With bitcoin, the same is not true. The average person that deals in bitcoin are automatically subject to cryptographic and analytical identification. And not just by governments, but by anyone willing to look- compromising the anonymity and fungibility of everyday bitcoin and its users. So essentially, in order to enjoy the same financial freedoms that any fiat user has, you need to use a bitcoin tumbler.

An anonymous bitcoin user makes it much more difficult for governmental agencies to keep a firm thumb on the decentralized currency- which arguably poses some issues which could be poised as criminal- things like tax evasion. But realistically, most people don’t want to involve themselves in criminal activity and will report their bitcoin regardless- as the second they exchange it for fiat, it will have to be reported anyway.

No, Bitcoin Mixers Aren’t Just for Criminals

First most and definitely foremost- bitcoin mixers are not for criminals. We know that this is still a massive myth that’s being perpetuated, not solely by media sources- but also by governments. Instead, they’re designed to be used by anyone who wants to keep their finances personal and their identity out of the hands of big data. Which realistically makes them ideal for basically everyone.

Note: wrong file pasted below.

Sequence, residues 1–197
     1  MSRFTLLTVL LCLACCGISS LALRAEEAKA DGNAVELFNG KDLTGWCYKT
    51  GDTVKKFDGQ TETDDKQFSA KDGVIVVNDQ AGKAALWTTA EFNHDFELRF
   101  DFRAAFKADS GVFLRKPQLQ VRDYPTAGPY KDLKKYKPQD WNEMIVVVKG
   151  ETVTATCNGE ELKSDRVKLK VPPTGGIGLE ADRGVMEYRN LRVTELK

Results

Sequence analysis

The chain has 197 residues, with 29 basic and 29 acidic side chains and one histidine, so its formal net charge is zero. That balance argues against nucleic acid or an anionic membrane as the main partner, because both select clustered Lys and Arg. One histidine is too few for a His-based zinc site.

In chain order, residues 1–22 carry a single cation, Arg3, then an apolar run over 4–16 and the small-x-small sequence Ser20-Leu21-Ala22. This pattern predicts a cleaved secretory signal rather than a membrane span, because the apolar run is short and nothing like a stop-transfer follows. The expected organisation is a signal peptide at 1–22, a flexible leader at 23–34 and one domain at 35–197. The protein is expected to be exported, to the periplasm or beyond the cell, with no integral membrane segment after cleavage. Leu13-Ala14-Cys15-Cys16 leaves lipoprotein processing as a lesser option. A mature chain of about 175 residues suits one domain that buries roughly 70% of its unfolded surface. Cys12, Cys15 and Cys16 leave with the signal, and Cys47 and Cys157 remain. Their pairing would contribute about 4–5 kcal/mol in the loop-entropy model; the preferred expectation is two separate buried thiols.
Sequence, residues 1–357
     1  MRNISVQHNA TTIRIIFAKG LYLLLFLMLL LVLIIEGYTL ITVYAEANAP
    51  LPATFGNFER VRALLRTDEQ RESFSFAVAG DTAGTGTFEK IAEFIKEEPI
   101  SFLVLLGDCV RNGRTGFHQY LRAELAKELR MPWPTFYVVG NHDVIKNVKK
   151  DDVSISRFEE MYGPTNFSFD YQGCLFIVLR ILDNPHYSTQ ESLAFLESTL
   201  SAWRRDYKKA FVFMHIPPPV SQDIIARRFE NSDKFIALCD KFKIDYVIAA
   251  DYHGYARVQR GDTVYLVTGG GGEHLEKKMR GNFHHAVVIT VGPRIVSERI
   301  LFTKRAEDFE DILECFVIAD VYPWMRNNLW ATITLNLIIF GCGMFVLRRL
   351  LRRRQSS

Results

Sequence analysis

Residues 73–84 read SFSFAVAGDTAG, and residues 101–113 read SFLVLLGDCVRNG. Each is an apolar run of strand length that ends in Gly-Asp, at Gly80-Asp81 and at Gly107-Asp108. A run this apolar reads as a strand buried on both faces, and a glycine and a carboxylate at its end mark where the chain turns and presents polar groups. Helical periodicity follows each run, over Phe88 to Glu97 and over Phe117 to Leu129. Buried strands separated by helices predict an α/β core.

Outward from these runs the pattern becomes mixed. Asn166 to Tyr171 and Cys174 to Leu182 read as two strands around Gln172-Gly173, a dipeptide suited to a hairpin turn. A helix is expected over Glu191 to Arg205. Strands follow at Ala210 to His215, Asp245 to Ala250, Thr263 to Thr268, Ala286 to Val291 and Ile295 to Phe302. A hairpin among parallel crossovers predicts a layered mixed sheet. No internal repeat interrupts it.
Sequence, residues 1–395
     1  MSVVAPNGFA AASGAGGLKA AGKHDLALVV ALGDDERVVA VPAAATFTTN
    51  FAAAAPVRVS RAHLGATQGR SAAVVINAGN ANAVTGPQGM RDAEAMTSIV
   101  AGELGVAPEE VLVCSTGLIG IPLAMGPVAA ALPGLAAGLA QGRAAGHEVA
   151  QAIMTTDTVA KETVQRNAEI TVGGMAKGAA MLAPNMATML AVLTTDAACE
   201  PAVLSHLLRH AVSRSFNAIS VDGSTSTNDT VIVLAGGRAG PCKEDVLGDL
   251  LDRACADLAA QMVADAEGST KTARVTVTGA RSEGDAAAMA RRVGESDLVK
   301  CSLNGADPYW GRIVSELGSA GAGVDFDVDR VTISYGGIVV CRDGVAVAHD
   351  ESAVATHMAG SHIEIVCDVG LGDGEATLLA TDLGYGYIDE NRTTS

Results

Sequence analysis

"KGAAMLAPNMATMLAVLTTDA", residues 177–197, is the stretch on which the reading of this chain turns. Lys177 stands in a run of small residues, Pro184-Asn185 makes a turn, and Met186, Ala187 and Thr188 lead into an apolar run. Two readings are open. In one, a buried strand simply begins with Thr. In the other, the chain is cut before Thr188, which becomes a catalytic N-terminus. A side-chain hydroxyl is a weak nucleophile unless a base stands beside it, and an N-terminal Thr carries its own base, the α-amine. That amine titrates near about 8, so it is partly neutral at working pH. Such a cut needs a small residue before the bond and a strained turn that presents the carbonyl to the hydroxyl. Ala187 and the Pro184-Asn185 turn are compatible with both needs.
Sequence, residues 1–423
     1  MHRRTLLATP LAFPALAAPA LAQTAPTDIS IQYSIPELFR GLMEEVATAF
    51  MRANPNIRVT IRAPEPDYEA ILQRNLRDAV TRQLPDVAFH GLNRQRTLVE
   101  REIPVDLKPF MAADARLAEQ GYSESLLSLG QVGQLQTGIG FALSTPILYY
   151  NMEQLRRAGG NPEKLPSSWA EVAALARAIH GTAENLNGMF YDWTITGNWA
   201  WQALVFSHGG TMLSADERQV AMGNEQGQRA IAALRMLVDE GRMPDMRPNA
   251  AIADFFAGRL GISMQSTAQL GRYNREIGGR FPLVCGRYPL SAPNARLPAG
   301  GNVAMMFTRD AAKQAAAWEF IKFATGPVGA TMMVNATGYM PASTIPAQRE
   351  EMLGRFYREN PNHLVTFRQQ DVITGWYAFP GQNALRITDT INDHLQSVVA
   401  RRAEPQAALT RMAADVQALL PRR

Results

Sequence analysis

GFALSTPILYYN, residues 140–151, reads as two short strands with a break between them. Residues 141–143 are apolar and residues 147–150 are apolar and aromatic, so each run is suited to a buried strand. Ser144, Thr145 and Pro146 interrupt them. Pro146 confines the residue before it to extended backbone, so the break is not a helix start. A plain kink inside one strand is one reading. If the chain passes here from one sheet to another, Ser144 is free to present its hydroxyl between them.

bitcoin mixers

Yes, You Can Use Bitcoin Mixers On the ClearWeb

There are a number of mixers available to users on the clear web, not just the TOR network. That being said, if you plan on using a clear web blender, you’re going to need to take a few extra precautions- such as considering the use of a VPN, or creating your wallet “off the grid” so to speak. This is because clean coins can only take you so far. If your freshly mixed coins become associated with your computer’s IP address or placed into a “dirty” wallet, you’ve essentially mixed for no good reason.

Yes, Many Reputable Entities Use Bitcoin Mixers and Tumblers